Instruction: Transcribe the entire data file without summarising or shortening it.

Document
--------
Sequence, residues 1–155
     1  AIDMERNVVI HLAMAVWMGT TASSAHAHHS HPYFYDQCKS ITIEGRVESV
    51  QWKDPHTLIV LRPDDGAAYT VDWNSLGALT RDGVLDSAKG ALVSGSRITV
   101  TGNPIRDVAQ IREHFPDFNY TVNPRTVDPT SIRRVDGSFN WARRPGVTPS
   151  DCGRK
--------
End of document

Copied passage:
Sequence, residues 1–155
     1  AIDMERNVVI HLAMAVWMGT TASSAHAHHS HPYFYDQCKS ITIEGRVESV
    51  QWKDPHTLIV LRPDDGAAYT VDWNSLGALT RDGVLDSAKG ALVSGSRITV
   101  TGNPIRDVAQ IREHFPDFNY TVNPRTVDPT SIRRVDGSFN WARRPGVTPS
   151  DCGRK